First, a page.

Type 23 HMS Iron Duke is heading home after a six-month deployment that has seen the warship take part in combat operations for the first time in her 20-year lifespan.
The last few weeks on board the frigate have seen considerable change culminating in this successful period of combat operations.
Having handed over in the Gulf to HMS St Albans after five months in station, Iron Duke and her ship’s company thought the main thrust of effort was behind them and were looking forward to an easy return to Portsmouth – an expectation brought to an end upon arrival in Marmaris in Turkey.
Here the Type 23 was told that she had been re-tasked as a temporary relief for destroyer HMS Liverpool in support of Operation Unified Protector, the multinational NATO task force charged with enacting the UN Security Council’s decision to protect civilians in Libya.
The focus of the crew swiftly switched from thoughts of homecoming, families and friends to combat operations.
As they had spent considerable time over previous weeks sharpening their gunnery skills and ensuring their damage control was up to scratch, the hard work undoubtedly paid off.
After two days of intensive briefing, the ship was ready – HMS Iron Duke entered the Joint Operating Area on July 16 and over the course of the next five days, she went to Action Stations several times to support operations ashore.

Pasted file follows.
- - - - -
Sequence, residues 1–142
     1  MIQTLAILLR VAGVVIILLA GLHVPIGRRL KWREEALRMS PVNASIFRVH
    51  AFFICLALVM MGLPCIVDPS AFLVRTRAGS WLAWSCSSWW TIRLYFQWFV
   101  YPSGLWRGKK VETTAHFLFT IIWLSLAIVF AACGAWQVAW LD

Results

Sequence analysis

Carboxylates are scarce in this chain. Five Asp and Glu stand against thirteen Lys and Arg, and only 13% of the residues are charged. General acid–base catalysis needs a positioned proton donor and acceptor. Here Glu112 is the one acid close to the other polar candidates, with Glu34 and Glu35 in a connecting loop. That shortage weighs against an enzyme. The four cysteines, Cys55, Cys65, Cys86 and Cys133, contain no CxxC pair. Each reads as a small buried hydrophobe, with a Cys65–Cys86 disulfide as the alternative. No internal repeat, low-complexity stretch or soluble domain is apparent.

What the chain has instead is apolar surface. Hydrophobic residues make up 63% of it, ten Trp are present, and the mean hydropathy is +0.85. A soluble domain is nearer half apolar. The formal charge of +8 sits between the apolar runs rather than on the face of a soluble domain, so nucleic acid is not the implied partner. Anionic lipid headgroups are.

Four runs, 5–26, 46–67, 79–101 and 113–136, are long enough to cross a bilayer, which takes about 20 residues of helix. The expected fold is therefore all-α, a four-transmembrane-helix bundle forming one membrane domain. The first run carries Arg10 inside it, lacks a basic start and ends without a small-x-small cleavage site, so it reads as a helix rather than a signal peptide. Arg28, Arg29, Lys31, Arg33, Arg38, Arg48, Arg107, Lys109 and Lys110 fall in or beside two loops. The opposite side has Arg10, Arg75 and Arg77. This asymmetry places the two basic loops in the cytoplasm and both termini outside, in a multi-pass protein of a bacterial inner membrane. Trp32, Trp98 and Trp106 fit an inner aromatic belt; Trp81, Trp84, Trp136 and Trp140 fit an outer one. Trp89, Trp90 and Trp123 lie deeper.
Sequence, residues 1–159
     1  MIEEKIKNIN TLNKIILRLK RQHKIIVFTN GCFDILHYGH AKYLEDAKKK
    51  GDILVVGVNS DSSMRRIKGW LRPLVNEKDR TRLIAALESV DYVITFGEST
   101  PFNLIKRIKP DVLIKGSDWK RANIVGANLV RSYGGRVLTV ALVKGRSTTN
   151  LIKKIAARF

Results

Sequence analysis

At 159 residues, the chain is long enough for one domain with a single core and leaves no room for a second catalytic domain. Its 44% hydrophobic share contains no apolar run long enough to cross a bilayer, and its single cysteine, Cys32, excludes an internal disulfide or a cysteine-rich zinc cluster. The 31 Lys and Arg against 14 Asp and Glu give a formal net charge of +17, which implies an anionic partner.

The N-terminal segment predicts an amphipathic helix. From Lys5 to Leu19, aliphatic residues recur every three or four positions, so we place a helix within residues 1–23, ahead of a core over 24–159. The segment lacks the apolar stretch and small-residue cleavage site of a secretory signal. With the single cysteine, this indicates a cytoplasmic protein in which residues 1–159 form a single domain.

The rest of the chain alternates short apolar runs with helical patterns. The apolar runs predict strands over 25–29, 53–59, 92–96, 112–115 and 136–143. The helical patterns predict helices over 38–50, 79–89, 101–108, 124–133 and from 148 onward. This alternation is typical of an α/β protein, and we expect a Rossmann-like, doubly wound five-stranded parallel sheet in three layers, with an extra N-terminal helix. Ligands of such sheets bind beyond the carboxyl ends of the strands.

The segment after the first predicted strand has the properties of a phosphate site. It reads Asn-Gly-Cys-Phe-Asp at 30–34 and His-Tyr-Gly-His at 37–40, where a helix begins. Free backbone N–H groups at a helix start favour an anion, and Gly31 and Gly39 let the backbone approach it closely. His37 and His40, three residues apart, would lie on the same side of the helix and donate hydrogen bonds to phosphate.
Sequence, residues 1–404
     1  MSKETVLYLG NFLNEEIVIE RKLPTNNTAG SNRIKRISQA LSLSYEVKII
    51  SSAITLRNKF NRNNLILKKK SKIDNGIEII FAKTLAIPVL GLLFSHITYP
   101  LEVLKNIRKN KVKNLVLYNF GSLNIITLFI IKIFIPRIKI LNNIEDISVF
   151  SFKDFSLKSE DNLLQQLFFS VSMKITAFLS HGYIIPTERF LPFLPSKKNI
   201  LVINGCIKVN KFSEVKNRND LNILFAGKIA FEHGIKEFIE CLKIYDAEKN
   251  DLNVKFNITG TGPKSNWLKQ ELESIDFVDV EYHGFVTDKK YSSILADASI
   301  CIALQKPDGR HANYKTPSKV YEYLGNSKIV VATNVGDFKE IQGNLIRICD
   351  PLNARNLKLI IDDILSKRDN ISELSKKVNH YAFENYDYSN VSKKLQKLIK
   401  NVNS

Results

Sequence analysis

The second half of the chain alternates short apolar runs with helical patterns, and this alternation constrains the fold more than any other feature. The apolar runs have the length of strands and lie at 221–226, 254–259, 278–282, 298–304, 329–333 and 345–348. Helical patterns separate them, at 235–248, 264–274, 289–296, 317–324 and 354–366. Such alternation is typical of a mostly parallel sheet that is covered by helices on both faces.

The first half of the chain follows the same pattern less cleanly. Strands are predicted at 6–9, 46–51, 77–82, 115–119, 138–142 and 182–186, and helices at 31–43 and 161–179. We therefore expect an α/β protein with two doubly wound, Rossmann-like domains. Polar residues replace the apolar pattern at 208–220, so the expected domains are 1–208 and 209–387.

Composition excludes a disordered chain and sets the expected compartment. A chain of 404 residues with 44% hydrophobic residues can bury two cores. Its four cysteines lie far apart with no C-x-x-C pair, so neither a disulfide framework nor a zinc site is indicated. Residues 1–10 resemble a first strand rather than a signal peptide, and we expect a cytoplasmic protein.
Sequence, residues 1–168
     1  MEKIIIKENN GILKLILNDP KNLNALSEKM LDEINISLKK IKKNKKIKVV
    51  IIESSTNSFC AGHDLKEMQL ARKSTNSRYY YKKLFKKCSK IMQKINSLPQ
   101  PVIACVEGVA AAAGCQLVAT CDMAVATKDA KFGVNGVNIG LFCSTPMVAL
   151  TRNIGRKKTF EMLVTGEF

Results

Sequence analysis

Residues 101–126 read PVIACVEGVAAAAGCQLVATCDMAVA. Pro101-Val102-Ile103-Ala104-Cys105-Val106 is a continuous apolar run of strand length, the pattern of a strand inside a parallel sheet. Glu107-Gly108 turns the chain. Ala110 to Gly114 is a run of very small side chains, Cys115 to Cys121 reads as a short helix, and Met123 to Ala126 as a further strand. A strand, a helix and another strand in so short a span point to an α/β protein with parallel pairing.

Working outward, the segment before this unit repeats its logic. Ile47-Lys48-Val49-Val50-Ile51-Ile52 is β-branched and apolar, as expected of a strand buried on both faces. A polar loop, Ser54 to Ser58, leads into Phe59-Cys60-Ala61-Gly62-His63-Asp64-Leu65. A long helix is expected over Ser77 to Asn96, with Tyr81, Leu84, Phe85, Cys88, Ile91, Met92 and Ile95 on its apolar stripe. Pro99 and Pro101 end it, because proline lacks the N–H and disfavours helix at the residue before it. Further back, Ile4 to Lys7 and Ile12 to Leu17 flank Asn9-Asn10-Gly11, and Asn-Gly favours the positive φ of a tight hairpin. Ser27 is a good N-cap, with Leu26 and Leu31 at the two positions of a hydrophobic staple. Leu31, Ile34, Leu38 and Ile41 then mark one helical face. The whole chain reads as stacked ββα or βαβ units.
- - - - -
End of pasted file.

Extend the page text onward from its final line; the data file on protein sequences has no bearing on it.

The frigate’s 4.5-inch gun fired many illuminating starshells to light up targets so that spotters could confirm that no civilians were in the area.
Once proven clear, either the ship’s 4.5-inch gun was called into action again using high-explosive ammunition or air assets – helicopters or jets – were called upon to suppress, despatch or disperse the threat.
In her first experience of coming under threat and combat operations, the warship and her company performed exceptionally.
Everyone on board responded to the challenge and worked exactly in line with their training, functioning as a well-drilled and cohesive team.
After completion of her role off the coast of Libya, HMS Iron Duke is expected to return to the UK at the end of July to be reunited with family and friends – and to enjoy some well-earned leave.
Her homecoming will bring with it a real sense of achievement after six months of diverse, challenging and some unexpected activities.